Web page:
Tony Towle

     and Other Poems

Sun/Coach House South
80 pages
Cover by Robert Motherwell.

Another young poet who began his career in the ‘60s, and was singled out at that time by Frank O’Hara as one of the few to be watched, is Tony Towle. . . . Associated for all the usually incorrect, or at least incorrectly perceived, reasons with “The New York School,” Towle’s work stands quite solidly on its own. . . . O’Hara does crop up in a few of these works, but unlike so many of the late poet’s imitators, or those who use his name and growing legend to enhance their own reputations, Towle’s references to O’Hara and his work are always pertinent and controlled by Towle’s distinct voice and distinguishing intellect.


— Michael Lally, The Washington Post Book World, January 1, 1978



The majority of the works in this collection contain a subtle passion, balanced by a clarity and a straightforwardness which tell us exactly what Towle has on his mind. But at the same time the poet’s craft, his effective use of language’s inherent ambiguities, tends to thicken the plot. The thoughts, ideas, and associations which set off his poetical musings are finely orchestrated with an inventive, meticulously mellifluous quirkiness à la Prokofiev, sans angst. This is a book which, once you’ve finished reading it, makes you go and pick up Towle’s North and read that again, then his Lines for the New Year and read that again, and then you wish there were more.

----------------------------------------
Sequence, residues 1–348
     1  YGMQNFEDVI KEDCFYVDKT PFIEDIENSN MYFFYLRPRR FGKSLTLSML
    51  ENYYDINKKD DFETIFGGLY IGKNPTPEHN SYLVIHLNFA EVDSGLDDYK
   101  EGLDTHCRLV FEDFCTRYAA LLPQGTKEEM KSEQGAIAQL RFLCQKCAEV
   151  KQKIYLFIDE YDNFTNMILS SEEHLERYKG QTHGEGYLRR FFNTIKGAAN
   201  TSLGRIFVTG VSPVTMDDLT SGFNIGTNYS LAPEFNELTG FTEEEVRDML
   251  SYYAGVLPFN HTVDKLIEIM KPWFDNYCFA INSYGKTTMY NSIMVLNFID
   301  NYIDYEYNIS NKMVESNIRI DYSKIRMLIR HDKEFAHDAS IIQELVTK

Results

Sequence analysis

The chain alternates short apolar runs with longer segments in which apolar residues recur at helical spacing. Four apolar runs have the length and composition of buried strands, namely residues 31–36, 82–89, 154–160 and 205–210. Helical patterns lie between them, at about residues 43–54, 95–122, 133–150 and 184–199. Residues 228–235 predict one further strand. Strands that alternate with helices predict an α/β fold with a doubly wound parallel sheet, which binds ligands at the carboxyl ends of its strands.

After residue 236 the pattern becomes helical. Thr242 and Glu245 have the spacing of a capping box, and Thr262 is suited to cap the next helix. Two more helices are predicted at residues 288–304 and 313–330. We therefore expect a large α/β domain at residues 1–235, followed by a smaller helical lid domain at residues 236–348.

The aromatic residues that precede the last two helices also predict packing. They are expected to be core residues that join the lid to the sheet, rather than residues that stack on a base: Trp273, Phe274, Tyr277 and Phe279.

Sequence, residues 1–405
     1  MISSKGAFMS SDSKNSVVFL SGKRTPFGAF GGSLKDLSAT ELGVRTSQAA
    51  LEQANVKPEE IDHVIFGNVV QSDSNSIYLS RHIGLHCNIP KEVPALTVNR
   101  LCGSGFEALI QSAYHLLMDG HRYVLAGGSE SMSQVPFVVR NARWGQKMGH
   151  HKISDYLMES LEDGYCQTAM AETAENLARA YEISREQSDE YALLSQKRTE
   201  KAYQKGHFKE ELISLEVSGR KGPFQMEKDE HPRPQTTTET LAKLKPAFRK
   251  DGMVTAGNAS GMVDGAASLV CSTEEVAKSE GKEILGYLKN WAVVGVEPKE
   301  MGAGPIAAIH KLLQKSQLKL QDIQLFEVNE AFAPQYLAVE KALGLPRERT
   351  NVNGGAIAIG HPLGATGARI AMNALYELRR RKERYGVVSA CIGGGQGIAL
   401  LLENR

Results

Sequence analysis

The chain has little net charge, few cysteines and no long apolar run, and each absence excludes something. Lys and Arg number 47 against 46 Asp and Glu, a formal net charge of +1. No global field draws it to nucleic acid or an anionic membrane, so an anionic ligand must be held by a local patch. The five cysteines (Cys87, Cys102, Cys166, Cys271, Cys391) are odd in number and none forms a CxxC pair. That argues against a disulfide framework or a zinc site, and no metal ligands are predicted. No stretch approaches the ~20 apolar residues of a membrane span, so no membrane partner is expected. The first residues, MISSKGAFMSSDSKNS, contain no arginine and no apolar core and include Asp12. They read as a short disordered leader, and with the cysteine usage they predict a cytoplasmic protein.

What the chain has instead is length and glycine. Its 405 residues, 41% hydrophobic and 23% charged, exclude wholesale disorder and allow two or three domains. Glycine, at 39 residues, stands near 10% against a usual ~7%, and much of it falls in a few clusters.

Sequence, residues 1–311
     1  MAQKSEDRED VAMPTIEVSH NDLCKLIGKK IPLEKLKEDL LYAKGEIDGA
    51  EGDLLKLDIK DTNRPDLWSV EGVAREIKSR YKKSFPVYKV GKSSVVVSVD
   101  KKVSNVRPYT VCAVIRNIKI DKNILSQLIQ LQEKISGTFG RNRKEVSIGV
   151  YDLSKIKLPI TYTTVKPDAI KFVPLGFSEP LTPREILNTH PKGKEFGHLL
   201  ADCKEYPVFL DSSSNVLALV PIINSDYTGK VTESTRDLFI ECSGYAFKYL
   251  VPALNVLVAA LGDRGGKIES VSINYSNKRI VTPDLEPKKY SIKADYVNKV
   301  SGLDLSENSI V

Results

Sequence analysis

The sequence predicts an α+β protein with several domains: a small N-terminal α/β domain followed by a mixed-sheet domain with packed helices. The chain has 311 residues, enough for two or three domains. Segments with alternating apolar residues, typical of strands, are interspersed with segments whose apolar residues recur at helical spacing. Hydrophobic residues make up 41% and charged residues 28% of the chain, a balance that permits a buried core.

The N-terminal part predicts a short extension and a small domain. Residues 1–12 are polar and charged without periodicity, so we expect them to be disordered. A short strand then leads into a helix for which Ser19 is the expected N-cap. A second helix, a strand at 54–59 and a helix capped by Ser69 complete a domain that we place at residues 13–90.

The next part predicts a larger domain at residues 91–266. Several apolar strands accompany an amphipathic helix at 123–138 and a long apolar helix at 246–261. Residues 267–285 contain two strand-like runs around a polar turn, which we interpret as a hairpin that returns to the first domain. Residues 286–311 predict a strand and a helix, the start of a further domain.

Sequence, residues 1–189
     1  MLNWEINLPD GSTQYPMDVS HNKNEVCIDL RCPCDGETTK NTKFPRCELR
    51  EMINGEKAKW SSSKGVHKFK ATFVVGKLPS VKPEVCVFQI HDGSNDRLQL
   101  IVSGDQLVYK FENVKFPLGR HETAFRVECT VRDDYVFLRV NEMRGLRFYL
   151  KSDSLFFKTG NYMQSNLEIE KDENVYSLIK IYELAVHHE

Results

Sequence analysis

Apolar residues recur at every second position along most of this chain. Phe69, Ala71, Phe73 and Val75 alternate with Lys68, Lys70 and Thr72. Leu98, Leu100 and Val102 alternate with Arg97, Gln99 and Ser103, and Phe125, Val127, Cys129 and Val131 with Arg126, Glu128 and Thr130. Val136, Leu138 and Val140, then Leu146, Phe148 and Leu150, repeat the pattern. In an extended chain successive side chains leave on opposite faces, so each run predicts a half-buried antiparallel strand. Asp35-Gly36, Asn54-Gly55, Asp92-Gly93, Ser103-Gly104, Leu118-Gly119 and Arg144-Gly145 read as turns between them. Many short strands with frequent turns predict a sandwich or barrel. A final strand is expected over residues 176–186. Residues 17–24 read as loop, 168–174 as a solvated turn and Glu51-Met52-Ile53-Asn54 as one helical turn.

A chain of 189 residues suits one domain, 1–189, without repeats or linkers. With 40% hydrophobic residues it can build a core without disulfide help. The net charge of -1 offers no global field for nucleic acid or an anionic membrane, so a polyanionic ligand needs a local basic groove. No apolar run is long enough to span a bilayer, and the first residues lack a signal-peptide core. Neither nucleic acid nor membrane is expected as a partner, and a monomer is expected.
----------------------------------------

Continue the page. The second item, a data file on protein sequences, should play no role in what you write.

— Art Lange, The Poetry Project Newsletter, March 1978



If Mr. [Richard] Hugo can be said to overstate, Tony Towle can be said to hold back or undercut through irony and wry humor. He uses the banal and elegant with equal style in an inflated rhetoric of logically bizarre metaphors . . .


— Hugh Seidman, The New York Times Book Review, May 14, 1978

Tony Towle Publications Directory
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Copyright © 2004 by Tony Towle. All rights reserved.
Copyright © 2004 by Tony Towle. All rights reserved.